<p>You may want to then share your percussive genius with the world. You can do this by sending your friends with iPads copies of your Stochastik files (if they also own Stochastik, perhaps because you told them to buy it...) OR you can send them a sound file. Only Stochastik can play Stochastik Songs, kits and patterns. Sound files can be played by every computer ever.</p>
<p>Sound files are also useful if you are using another app to record live instruments and want to mix everything in there (or apply effects, et cetera.) In computer music, we frequently use <em>WAV</em> files for sound files because they are better quality than MP3. You can always turn a WAV into an MP3 for space-saving and sending to your fans. In order to turn your Stochastik composition into a sound file, you must "bounce it to WAV." This is a stupid term that people have been using for years that dates back to the.... Anyway, while it is a silly term, "bounce" is the word we use when we mean to say "turn all of this into a single sound file". </p>
<h2>How To Use Stochastik</h2>
<h3>Programming Stochastik Rhythms</h3>
<img src="images/pattern.png"/>
<p>Stochastik is has the unique feature of being able to set a probability that a sample will play at each step. The probability can be 0 (off, black) to 1 (always, green) or more interestingly, somewhere in-between. You can slide the probability up and down with your finger. If you set the probability to about half-way up, it will sound about 50% of the time. Stochastik is a probability machine, not a permutation machine. By that, I mean that it is not guaranteed to be exactly 50% of the time. You can have a couple run-throughs where it will not sound at all and then a couple run throughs where it strikes every time. This is just like flipping a coin. Of course, you can "weight the coin" by setting a small probability (make it a short red bar) or a large probability (make it a tall yellow bar.) </p>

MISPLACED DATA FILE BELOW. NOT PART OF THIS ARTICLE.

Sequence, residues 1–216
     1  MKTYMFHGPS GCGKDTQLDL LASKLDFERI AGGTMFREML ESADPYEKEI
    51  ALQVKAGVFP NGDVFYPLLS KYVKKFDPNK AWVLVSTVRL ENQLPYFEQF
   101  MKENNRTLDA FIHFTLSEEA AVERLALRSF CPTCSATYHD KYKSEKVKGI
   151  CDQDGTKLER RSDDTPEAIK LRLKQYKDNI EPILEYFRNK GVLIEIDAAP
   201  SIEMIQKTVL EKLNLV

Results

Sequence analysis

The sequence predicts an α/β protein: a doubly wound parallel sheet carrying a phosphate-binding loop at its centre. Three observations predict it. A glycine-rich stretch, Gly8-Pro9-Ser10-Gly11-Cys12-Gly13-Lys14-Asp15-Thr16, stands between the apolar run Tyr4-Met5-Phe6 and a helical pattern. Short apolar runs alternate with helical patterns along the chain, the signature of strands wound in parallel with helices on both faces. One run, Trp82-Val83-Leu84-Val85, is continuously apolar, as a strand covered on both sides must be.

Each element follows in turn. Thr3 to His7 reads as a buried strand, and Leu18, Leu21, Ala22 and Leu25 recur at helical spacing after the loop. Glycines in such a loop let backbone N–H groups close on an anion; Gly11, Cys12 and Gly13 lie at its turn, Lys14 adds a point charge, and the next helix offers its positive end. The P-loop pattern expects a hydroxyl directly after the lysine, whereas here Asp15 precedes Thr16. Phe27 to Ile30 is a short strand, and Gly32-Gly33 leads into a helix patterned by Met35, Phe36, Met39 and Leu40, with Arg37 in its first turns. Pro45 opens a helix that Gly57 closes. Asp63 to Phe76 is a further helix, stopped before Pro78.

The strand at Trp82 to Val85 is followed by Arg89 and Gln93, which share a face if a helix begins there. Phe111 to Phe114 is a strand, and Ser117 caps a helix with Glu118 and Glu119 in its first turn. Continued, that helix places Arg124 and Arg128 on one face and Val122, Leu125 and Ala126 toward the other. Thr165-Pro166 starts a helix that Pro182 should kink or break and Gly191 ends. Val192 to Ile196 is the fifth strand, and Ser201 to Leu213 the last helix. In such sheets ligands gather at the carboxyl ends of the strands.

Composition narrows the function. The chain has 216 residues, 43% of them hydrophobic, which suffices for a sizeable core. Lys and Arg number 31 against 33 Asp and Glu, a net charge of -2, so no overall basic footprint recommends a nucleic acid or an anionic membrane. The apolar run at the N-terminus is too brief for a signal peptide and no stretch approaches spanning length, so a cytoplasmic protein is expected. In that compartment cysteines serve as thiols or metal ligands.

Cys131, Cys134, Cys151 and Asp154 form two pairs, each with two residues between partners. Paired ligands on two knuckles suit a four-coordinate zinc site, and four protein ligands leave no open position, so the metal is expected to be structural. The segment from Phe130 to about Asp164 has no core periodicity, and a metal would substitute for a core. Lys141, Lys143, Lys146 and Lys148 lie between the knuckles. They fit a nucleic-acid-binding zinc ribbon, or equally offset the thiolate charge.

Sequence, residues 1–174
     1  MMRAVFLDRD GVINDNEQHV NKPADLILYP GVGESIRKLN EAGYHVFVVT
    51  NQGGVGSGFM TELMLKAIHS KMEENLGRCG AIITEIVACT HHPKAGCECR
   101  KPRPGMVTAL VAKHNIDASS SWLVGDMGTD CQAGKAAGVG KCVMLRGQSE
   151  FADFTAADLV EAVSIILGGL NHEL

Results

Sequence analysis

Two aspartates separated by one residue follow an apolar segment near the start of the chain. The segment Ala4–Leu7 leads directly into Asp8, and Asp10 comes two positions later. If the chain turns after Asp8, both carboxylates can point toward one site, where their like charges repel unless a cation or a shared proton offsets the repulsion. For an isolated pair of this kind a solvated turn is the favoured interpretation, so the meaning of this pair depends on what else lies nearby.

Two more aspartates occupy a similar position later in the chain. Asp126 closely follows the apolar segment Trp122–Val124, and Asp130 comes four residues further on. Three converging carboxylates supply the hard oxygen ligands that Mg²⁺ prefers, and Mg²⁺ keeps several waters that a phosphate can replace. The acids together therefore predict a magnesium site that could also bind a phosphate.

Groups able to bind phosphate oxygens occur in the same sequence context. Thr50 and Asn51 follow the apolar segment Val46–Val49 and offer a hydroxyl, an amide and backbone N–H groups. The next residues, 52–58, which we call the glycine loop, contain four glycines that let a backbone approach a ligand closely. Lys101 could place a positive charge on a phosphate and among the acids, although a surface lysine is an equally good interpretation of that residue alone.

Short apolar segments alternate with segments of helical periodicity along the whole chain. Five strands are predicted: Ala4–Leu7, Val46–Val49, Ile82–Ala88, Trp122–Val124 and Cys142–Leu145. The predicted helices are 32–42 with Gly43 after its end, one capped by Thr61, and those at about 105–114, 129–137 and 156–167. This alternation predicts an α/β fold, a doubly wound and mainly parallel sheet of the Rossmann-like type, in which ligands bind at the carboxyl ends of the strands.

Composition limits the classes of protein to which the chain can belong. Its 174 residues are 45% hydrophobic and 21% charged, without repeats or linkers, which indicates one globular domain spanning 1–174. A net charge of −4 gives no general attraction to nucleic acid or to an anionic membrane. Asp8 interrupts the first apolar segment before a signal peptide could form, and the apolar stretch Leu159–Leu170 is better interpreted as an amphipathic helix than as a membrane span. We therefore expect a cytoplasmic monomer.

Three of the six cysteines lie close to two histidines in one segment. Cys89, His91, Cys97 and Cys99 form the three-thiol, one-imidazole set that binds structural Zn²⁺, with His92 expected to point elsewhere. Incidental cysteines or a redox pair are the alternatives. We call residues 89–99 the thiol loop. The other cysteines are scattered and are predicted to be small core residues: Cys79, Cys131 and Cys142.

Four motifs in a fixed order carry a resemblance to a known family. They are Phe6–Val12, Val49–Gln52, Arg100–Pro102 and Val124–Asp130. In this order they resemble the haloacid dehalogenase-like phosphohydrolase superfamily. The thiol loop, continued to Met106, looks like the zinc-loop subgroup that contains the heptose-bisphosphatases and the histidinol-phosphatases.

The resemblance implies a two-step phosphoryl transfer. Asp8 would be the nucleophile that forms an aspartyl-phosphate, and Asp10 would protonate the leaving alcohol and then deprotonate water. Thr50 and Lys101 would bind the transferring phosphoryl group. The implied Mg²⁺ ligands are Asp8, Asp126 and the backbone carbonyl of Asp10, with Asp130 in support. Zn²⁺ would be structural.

<h3>Using Sliders in Stochastik</h3>
<img src="images/slider.png">
<p>Sliders in Stochastik have a description, the slider and then a numerical display. Drag the slider to change the value. When you tap the numerical display a dialogue will open that lets you enter an exact amount. This lets you have the interactivity of a touch interface while allowing you to maintain exact control.</p>
<h3>Setting up your kit</h3>